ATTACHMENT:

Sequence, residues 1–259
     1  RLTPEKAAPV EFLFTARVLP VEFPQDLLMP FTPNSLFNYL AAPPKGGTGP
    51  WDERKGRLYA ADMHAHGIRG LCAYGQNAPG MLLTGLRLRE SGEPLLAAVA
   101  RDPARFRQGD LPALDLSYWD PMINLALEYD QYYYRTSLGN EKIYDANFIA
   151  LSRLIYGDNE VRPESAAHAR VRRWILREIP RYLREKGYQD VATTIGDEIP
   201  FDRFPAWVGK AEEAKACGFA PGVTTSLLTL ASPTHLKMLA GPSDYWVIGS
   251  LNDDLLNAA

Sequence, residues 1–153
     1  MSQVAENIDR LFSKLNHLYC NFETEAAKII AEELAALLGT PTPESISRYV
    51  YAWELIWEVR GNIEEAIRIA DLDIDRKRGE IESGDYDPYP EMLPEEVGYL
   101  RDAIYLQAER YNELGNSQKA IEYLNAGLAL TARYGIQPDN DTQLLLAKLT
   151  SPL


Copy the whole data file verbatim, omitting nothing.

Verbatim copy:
Sequence, residues 1–259
     1  RLTPEKAAPV EFLFTARVLP VEFPQDLLMP FTPNSLFNYL AAPPKGGTGP
    51  WDERKGRLYA ADMHAHGIRG LCAYGQNAPG MLLTGLRLRE SGEPLLAAVA
   101  RDPARFRQGD LPALDLSYWD PMINLALEYD QYYYRTSLGN EKIYDANFIA
   151  LSRLIYGDNE VRPESAAHAR VRRWILREIP RYLREKGYQD VATTIGDEIP
   201  FDRFPAWVGK AEEAKACGFA PGVTTSLLTL ASPTHLKMLA GPSDYWVIGS
   251  LNDDLLNAA

Sequence, residues 1–153
     1  MSQVAENIDR LFSKLNHLYC NFETEAAKII AEELAALLGT PTPESISRYV
    51  YAWELIWEVR GNIEEAIRIA DLDIDRKRGE IESGDYDPYP EMLPEEVGYL
   101  RDAIYLQAER YNELGNSQKA IEYLNAGLAL TARYGIQPDN DTQLLLAKLT
   151  SPL